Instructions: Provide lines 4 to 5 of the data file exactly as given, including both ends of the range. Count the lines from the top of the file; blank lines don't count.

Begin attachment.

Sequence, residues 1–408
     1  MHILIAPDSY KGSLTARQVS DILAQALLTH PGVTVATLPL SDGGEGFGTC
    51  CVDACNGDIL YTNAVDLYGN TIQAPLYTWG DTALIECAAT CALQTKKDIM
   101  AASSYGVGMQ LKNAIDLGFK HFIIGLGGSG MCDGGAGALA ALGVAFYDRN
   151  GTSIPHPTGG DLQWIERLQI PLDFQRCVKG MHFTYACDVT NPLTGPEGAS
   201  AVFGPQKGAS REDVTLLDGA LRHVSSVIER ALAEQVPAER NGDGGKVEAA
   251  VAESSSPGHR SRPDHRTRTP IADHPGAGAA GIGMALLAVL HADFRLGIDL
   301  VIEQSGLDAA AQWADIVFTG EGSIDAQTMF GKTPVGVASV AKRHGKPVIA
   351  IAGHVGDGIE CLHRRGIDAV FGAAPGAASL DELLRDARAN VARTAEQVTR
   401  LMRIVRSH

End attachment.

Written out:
   101  AASSYGVGMQ LKNAIDLGFK HFIIGLGGSG MCDGGAGALA ALGVAFYDRN
   151  GTSIPHPTGG DLQWIERLQI PLDFQRCVKG MHFTYACDVT NPLTGPEGAS